Date of Award


Degree Type


Degree Name

Doctor of Philosophy



Major Professor

Michael J. Sepaniak

Committee Members

Bhavya Sharma, Jimmy W. Mays, Dawnie W. Steadman


The purpose of this dissertation is to develop analytical methods that aid in the detection of forensic analytes. Forensic analytes require methods with increased sensitivity and low limit of detection capabilities. Improvements in separation techniques, surface enhanced Raman spectroscopic techniques, and wire-less gas sensing can each assist in the detection of trace evidence.

When surface enhanced Raman is coupled with thin-layer chromatography a mixture of compounds can be separated and transferred to a metal substrate to be detected using Raman spectroscopy. Surface enhanced Raman scattering enhances the Raman signal intensity by placing a metal substrate in close proximity to an analyte. The new method gives a chemically specific intensified signal along with a chromatographic separation. A traditional separation is performed on a TLC plate, allowed to dry, wetted with a solvent, placed in contact with a metal substrate, and detected using Raman. More efficient chromatographic platforms can be implemented with this method.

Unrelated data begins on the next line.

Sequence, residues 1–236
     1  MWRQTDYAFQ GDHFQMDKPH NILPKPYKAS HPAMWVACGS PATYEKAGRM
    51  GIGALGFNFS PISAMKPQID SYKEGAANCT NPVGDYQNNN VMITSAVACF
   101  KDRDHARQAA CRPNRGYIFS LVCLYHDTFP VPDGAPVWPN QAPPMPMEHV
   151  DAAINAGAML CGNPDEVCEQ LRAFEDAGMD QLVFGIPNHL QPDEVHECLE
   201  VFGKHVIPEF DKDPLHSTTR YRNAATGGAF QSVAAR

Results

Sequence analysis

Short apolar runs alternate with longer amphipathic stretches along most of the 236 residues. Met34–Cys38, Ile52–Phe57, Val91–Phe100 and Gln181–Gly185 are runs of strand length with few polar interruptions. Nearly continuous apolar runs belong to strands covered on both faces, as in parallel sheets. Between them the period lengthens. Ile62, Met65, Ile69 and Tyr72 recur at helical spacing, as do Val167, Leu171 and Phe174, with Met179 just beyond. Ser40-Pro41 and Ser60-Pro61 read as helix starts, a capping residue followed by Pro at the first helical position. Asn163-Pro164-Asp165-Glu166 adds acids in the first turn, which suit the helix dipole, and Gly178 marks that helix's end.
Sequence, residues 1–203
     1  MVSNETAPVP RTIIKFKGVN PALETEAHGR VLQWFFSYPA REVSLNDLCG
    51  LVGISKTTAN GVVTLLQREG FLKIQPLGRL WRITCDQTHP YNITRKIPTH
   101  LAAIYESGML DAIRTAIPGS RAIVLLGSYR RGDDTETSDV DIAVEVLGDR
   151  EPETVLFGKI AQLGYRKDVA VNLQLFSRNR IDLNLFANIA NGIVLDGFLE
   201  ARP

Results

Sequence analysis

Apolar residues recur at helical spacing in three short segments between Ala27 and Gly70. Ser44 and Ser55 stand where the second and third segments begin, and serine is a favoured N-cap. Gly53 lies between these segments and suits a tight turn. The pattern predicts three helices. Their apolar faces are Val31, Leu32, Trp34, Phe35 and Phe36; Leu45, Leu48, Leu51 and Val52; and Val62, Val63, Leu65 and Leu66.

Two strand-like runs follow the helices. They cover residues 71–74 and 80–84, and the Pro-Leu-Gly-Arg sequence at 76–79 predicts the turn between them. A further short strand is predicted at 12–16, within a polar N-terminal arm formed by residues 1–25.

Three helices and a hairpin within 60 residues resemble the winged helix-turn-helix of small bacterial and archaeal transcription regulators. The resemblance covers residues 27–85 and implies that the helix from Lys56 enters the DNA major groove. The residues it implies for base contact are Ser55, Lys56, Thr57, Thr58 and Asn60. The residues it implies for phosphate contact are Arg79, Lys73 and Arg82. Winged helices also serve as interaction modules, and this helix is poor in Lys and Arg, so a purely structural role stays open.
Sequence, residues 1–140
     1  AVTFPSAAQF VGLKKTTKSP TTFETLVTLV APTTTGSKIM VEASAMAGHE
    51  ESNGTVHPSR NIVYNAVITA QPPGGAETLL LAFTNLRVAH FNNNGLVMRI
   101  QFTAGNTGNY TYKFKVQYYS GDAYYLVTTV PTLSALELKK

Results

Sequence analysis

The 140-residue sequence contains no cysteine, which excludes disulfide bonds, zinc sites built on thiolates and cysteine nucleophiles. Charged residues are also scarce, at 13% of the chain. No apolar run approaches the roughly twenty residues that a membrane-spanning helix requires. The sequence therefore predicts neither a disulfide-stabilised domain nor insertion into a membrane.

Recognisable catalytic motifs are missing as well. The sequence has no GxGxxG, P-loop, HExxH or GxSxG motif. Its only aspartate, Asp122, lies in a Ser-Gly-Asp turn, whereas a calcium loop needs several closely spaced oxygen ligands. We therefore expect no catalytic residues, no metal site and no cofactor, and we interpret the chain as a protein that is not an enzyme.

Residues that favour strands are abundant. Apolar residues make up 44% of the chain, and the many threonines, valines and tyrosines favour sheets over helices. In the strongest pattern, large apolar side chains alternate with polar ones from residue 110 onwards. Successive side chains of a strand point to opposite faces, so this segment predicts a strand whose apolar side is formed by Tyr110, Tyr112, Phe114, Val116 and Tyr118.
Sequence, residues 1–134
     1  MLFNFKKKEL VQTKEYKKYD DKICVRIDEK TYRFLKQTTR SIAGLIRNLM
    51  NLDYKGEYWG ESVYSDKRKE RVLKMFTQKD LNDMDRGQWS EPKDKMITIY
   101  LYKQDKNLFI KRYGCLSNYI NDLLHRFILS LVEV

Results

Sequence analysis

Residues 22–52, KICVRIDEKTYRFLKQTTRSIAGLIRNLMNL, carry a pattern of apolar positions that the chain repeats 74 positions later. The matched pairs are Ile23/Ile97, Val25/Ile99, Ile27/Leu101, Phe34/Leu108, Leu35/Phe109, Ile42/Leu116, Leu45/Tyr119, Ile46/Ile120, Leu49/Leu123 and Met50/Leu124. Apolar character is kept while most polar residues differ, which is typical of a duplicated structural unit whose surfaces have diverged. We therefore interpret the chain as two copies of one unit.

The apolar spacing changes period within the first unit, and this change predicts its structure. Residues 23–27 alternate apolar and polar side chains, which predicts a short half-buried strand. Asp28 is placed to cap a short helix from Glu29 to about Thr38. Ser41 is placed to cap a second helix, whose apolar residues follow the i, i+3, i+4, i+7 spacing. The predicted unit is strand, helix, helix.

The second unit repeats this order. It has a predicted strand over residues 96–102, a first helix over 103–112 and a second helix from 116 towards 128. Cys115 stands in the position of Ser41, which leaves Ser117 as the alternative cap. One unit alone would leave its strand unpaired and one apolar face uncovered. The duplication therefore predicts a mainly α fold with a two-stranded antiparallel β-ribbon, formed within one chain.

New efficient chromatographic platforms are also beneficial to the detection of forensic analytes. Recently, photolithographically nanofabricated open system pillar arrays have proved to be more efficient separation platforms when compared to traditional TLC. These platforms are a form of ultra-thin layer chromatography. This dissertation describes the effects of manipulation on the inter-pillar gap distances with respect to band dispersion. The studies herein manipulate the pillar arrays in order to optimize the separation platform.

The third method developed involved gas sensing of volatile organic compounds. An amorphous ferromagnetic micro-wire was coated with a polymer, where the polymer swelled in response to the gas introduced. When the gas caused the polymer to swell a differential stress response was applied on the micro-wire. The fabricated sensor was tested on simple organic gases but has capabilities to detect low concentrations of low vapor pressure forensic analytes.

All three projects were significant advancements in analytical method development. The analytes used were either fluorescent dyes or volatile organic compounds to test feasibility of each method. More efficient chromatographic platforms were fabricated, surface enhanced Raman was coupled to TLC, and a micro-wire gas sensor was calibrated for the studies performed in this dissertation.

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